Calvin on the Sabbath - Rev. C. Bouwman

See also Sabbath Sanctity In A Secular Society by Rev. C. Bouwman


In discussions relating to the Sabbath and how today’s Christian ought to keep the Sabbath, one hears from time to time references to the thoughts of John Calvin on the point. Calvin, I once read in a reformed periodical, "strongly opposed any suggestion of an observance of days and a literal abstention from work or recreation on the basis of it being commanded by the 4th commandment." In the Catechism, the article continued, the church echoes this position, for LD 38 makes no mention of not working on the Sunday; LD 38 explains the fourth commandment in terms of resting not from work but from evil. So: the Christian may give himself to work and recreation on the Sunday as long as this work or recreation does not interfere with the worship services.

The question I wish to address in this article is this: what in fact does Calvin say?


In his Institutes of the Christian Religion, Calvin begins his treatment of the fourth commandment with these words (II,8.28):

"The purpose of this commandment is that, being dead to our own inclinations and works, we should meditate on the Kingdom of God, and that we should practice that meditation in the ways established by him. But, since this commandment has a particular consideration distinct from the others, it requires a slightly different order of exposition. The early fathers customarily called this commandment a foreshadowing because it contains the outward keeping of a day which, upon Christ’s coming, was abolished with the other figures. This they say truly, but they touch upon only half the matter. Hence, we must go deeper in our exposition, and ponder three conditions in which, it seems to me, the keeping of this commandment consists.

First, under the repose of the seventh day the heavenly Lawgiver meant to represent to the people of Israel spiritual rest, in which believers ought to lay aside their own works to allow God to work in them. Secondly, he meant that there was to be a stated day for them to assemble to hear the law and perform the rites, or at least to devote it particularly to meditation upon his works, and thus through this remembrance to be trained in piety. Thirdly, he resolved to give a day of rest to servants and those who are under the authority of others, in order that they should have some respite from toil."

This opening paragraph requires a number of comments.

In the first sentence quoted above, Calvin claims that at the heart of the teaching of this commandment lies the conflict between spiritual meditation on the one hand and our own sinful inclinations and works on the other. Calvin sees the human race as so corrupted by sin that no man has it in him to spend his days in contemplation of God and His saving work in Jesus Christ. With the fourth commandment, says Calvin, God gave to Israel an opportunity one day in seven to step back from the works of this life and focus attention specifically on the Lord God. The Sabbath, then, is an institution belonging to the fallen world.

Calvin, in agreement with the early fathers, saw in the fourth commandment a "foreshadowing" of Christ’s coming. Specifically, the pattern of one day free from labour after six days of toil foreshadowed for Israel the deliverance which Christ would obtain from bondage to sin and Satan. Since Christ has set His people free from bondage to sin and Satan, the Sabbath as a sign is fulfilled. So God’s people today need not rest one day after six days of labour; instead, in the New Testament dispensation God’s people may rest every day – not from work itself but from evil.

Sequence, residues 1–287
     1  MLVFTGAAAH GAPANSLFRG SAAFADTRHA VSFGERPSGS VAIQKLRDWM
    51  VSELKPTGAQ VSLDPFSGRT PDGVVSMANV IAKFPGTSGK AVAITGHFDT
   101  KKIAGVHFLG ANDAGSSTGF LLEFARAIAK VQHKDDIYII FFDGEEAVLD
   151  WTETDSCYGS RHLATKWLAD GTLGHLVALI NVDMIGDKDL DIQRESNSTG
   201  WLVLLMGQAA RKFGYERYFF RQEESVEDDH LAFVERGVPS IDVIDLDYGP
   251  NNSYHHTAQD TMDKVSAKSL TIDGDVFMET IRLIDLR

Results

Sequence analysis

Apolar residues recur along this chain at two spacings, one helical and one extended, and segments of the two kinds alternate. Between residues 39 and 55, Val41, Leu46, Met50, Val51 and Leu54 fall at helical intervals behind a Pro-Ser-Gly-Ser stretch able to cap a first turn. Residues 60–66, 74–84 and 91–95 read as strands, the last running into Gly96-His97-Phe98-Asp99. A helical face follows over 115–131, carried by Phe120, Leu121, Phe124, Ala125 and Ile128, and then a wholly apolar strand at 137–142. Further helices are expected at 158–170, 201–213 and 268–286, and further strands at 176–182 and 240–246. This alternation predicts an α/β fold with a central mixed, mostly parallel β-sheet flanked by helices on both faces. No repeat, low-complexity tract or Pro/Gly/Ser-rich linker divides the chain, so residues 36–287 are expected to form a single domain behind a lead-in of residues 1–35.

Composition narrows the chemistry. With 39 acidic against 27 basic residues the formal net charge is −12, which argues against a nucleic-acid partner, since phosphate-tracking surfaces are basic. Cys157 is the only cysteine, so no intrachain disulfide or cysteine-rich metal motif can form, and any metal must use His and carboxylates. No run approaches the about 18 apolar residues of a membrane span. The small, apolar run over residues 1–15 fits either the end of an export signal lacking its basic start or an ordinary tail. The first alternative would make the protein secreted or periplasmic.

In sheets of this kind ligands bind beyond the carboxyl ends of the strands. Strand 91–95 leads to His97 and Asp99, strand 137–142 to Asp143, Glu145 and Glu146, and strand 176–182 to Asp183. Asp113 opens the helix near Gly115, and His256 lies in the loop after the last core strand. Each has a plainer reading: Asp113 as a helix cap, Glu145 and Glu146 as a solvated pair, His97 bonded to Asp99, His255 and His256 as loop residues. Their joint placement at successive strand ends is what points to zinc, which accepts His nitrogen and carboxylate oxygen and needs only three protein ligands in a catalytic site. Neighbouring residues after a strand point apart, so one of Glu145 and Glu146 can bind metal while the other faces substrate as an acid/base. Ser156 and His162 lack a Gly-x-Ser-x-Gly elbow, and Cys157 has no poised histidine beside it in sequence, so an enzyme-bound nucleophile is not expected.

Calvin, in disagreement with the early fathers, saw more in the fourth commandment than they did. "They touch upon only half the matter." Calvin sees three "conditions" requiring attention in a consideration of the fourth commandment. They are:

the matter of "spiritual rest, in which believers ought to lay aside their own works to allow God to work in them" (see points 1 and 2 above);

the need for "a stated day" on which the people of God may "assemble to hear" the Word of God;

the will of God to give "a day of rest to servants".

Calvin appears to be unclear in his own mind why in the fourth commandment God gave one day free in seven (as opposed to, say, one in five or nine). He says:

"If anyone dislikes this interpretation of the number seven as too subtle, I have no objection to his taking it more simply, thus: the Lord ordained a certain day on which his people might, under the tutelage of the law, practice constant meditation upon the spiritual rest. And he assigned the seventh day, either because he foresaw that it would be sufficient; or that, by providing a model in his own example, he might better arouse the people; or at least point out to them that the Sabbath had no other purpose than to render them conformable to their Creator’s example. Which interpretation we accept makes little difference, provided we retain the mystery that is principally set forth: that of perpetual repose from our labors" (II.8.31).

On the basis of his indefiniteness on this point, Calvin later says that it matters not to him which day of the week the New Testament church meets together for worship. Stronger, even a pattern of one in seven could be changed to a pattern of one in five….

Calvin is insistent that God wishes His children in all times and places to assemble together. However, Calvin does not base this habit on the fourth commandment. He says:

"Meetings of the church are enjoined upon us by God’s Word; and from our everyday experience we well know how we need them. But how can such meetings be held unless they have been established and have their stated days? According to the apostle’s statement, "all things should be done decently and in order" among us [1 Corinthians 14:40]" (II.8.32).

Notice Calvin’s argument. Both Scripture and experience teach us that we need to meet as church. How shall the frequency and dates of the meetings be determined? Calvin finds the answer not in the fourth commandment but in Paul’s "decently and in order" argument.

In fact, Calvin would prefer that distinctions between days be removed altogether, and that God’s people assemble "daily". He recognises, however, that the weakness and spiritual immaturity of many in this broken life makes the realisation of this ideal impossible. So, setting aside one day in seven provides for a partial realisation of the ideal, of which all people are capable (II.8.32).